Skip to content

Location, Location, Location

July 22, 2008

In the last month or so, I have been part of a heated, ongoing discussion on a message board completely unrelated to writing. The discussion is about the creative process, and started innocently enough with a young woman asking for advice on how to set up a creative space. It has since blossomed into a multi-faceted conversation that flutters between passionate discussion and childish argument.

Most of the denizens of the message board are creative in some way, but their media range from fiction and poetry, to musicians and painters, so the opinions of what belongs, and doesn’t belong in a creative space varied greatly. But the discussion soon moved away from the specifics (paints, dictionaries, or a piano) and into the general atmosphere that promotes creativity. It’s been an interesting conversation for two reasons.

First, it has forced me to take a look at my own creative space with an eye toward improving it’s usefulness. For instance I’ve rearranged some of the knickknacks on my desk to make to more difficult for my cats to demand attention. I’ve removed some of the clutter, not because it was in my way, but because it allowed for an extra notebook so I could write down chores or their ilk, that try to pull me away from the page.

The second thing the far-ranging discussion has shown me, is that we can all get far too wrapped up in the minutiae of creating that we forget to actually create. We delve into month long discussions about why to create. We tinker endlessly with our websites, in the belief that a pretty blog will make us write better, or more often. And more than anything else we get so wrapped up in styling ourselves like artists that we forget the most important thing is simply to create.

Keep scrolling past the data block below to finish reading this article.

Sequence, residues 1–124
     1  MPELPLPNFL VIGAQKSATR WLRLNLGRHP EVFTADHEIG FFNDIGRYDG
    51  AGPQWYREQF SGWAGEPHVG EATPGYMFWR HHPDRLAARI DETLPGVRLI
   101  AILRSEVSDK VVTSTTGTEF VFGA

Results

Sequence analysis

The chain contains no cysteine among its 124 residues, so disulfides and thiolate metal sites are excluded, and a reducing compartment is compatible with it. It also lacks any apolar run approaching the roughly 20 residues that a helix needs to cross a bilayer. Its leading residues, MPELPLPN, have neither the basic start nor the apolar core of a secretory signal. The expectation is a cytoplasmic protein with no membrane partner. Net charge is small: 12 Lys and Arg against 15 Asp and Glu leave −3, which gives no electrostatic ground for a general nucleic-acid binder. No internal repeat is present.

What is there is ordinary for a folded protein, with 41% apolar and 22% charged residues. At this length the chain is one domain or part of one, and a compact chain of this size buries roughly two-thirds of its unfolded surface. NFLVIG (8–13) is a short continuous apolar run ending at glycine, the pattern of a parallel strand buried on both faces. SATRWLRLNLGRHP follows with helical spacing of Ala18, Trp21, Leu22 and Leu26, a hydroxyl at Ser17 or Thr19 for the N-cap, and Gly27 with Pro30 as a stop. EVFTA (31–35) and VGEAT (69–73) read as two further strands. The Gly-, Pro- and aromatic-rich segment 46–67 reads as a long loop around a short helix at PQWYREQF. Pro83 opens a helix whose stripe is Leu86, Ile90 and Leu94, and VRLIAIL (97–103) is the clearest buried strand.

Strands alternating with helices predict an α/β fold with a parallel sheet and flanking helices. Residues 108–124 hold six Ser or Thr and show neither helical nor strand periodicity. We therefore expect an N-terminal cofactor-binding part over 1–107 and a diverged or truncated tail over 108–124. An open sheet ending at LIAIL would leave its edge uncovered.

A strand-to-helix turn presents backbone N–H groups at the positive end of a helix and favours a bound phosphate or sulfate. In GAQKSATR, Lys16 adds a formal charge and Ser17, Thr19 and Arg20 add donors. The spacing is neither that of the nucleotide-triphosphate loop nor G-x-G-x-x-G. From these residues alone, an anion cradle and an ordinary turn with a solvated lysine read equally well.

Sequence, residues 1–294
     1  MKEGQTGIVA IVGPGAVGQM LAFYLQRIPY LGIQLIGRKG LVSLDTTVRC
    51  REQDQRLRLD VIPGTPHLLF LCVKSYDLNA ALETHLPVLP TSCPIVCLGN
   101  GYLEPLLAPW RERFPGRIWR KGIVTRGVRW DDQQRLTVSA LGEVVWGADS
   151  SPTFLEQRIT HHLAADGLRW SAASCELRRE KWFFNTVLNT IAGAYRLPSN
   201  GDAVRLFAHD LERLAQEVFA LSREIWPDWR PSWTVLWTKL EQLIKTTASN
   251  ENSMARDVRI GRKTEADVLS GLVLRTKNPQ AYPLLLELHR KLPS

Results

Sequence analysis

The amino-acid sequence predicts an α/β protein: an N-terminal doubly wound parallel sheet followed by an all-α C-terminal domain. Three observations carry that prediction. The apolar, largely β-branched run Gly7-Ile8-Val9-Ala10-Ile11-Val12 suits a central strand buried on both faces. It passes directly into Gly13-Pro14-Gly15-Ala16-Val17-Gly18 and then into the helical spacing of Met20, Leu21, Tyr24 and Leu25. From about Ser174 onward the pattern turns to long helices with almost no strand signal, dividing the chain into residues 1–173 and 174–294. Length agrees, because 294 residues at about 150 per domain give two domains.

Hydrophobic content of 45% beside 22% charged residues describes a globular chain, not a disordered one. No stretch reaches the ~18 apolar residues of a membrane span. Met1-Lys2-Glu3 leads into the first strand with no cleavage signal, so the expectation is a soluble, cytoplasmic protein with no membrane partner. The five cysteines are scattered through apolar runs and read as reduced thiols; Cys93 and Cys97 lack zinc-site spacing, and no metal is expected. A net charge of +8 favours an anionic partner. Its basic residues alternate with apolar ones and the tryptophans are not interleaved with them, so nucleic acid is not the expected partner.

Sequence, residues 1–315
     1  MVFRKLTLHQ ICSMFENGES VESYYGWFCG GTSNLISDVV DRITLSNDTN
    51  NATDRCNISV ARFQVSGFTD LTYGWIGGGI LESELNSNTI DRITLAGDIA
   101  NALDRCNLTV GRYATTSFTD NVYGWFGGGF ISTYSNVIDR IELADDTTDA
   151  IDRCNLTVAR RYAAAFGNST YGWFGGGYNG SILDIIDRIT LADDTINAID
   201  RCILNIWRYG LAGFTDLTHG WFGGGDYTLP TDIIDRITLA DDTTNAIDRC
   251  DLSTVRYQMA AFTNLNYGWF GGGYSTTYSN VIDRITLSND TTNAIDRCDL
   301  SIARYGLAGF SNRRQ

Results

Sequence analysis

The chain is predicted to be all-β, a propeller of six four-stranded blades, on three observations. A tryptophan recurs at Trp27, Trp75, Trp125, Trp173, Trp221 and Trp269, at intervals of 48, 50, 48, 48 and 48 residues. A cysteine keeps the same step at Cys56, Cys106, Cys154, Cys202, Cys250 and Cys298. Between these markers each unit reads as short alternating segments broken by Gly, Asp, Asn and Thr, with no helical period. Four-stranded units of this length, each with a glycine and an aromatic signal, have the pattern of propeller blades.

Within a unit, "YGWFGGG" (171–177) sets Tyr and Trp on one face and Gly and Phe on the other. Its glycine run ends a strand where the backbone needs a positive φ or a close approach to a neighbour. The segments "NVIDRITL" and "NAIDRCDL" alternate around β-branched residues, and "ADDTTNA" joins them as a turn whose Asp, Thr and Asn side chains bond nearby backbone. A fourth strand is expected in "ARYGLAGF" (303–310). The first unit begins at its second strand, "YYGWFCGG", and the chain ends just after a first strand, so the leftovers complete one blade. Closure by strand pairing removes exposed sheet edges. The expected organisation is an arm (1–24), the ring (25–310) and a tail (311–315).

So make your writing space comfortable, and find that perfect spot between silence and chaos that works best for you, but don’t spend weekend after weekend searching for the perfect writing desk.

Unless of course antiquing is how you relax…

About these ads
2 Comments
  1. July 22, 2008 7:22 am

    The whole fourth paragraph had me nodding in agreement. How true, how true.

    For me, I have to step away from my PC and actually move to a different room to get any writing done. I work on my laptop in the dining room (with the candlestick – sorry couldn’t resist) and turn my Wi-Fi off. I swear, there is just SOMETHING about working on my laptop that makes me write. I suppose I’m removing the temptation to just take a quick peek at my email, or a quick look at my stats (the searches people put in to find my blog – it’s an endless source of entertainment for me :) ) , etc. etc. And when that doesn’t work, I grab my Neo and write outside, or at the library – sometimes a change in venue is best for me. I guess for me, it’s all about eliminating temptations rather than the actual location.

    I sometimes think people debate the writing location delimma just to get out of writing. As you said, “… find that perfect spot between silence and chaos that works best for you …”

    Nice.

  2. July 23, 2008 12:20 am

    I have been using the Monica Wood little book called The Pocket Muse: ideas & inspirations for writing. In the book she has some very good advice on the work space..mainly that we actually claim one of our very own. But I loved her final piece of advice, “The space should be marked as yours by the decor: a favorite vase, a framed photo, a special charm or knick-knack. Put up a sign, a flag, a fence; pee on it if you have to. It’s yours. ”

    That being said I would agree with you. Once the obsession with the”appearance” of our blog is gone and we have found a spot to create, we are only left with our words. We need to let them stand alone and see how they feel. Then when we post them on our blog or send them out to be published, they reflect what we really wanted to say.

    b

Comments are closed.

Follow

Get every new post delivered to your Inbox.

Join 265 other followers

%d bloggers like this: